Vacvator has three versions of the NDD truck used by contractors called Combo Units. The Jetter Combo Truck uses high pressure water and has the capacity to clean pipework up to a meter in diameter and up to 150 metres in length. The Pulse Combo truck has the capacity to remove large volumes of dry fine material and “The Mega Truck” has all three.
There are many uses in the industry for our equipment.
Vacuum excavation truck features and benefits:
– Powerful suction to vacuum up debris, dirt, or sand quickly without damage to underground utilities like gas lines, electrical cables or water mains, saving lost time and huge repair bills.
– Long extension hoses make it possible to reach into tight spaces for trenchless excavation of holes for concrete foundations meaning jobs that others can’t do may be possible with an NDD unit. A Vacvator truck has been documented sucking spoil at 175 meters.
– Large-capacity holding tanks mean operators can save money in dump fees for excavated materials but not having to do as many trips as a traditional truck.
– “Dial Before You Dig” underground services guide all civil and maintenance digging, and non-destructive digging solves the problem of inaccuracy on older maps or when no maps exist
– The excavation process compliments traditional drilling and is far faster and safer than manual labour. In addition, operators can know that contact with valuable communication infrastructure such as telecommunication lines will not be an issue during excavation which takes a lot of pressure off the operator. The unit provides an extremely accurate and precise job, so any services around it will not be damaged.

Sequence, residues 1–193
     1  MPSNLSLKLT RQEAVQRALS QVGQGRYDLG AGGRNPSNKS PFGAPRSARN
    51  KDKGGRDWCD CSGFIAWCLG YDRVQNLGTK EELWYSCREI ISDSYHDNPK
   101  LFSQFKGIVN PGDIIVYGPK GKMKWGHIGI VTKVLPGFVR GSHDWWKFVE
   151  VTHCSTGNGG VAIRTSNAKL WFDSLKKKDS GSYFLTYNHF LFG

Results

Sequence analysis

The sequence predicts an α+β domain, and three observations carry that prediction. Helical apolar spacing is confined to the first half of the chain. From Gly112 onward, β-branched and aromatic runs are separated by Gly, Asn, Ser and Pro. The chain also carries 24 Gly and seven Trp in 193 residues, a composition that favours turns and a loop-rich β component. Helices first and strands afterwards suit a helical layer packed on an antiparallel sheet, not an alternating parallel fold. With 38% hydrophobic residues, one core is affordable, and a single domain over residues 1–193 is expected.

-Sludge, liquid, soil, waste, liquid and other debris will not damage the holding tank of the vacuum truck as Vacvator units are built to handle this.
– The process is environmentally friendly and reduces the disturbance to neighbours, traffic flow, or pedestrians.
– Cutting edge technology at Vacvator with the new models of Vac excavators means health and safety regulations are being met for Australian companies, having employees and contractors operating safely.
– Vacvator provides a CANbus system that can be programmed to engage with numerous functions on the unit; the quality digital scales are linked to the CANbus system on the truck and are a standard safety function Vacvator has built-in. The system will stop the vacuum pump once the truck is at its legal road weight limit. The owners and operators of Vacuum trucks have a duty of care to ensure that the truck is not overweight on public roads. This protects the operator from being fined for being overweight, protects the truck owner from potential liability and more importantly limits any chance of road accidents from being overloaded and in doing so protects other road users.
How do Vac Trucks work?
A Vac truck uses Non-Destructive Ground Engaging Tools such as high pressure water or air and vacuum excavation technology to suck up loose spoil without the need for a digger. This technique saves time by not having to process the same material twice. Operators are on a contract or hourly rate and some rental companies provide the trucks for hire.
– The vac trucks are used for a range of tasks that include but are not limited to excavation, demolition, and more.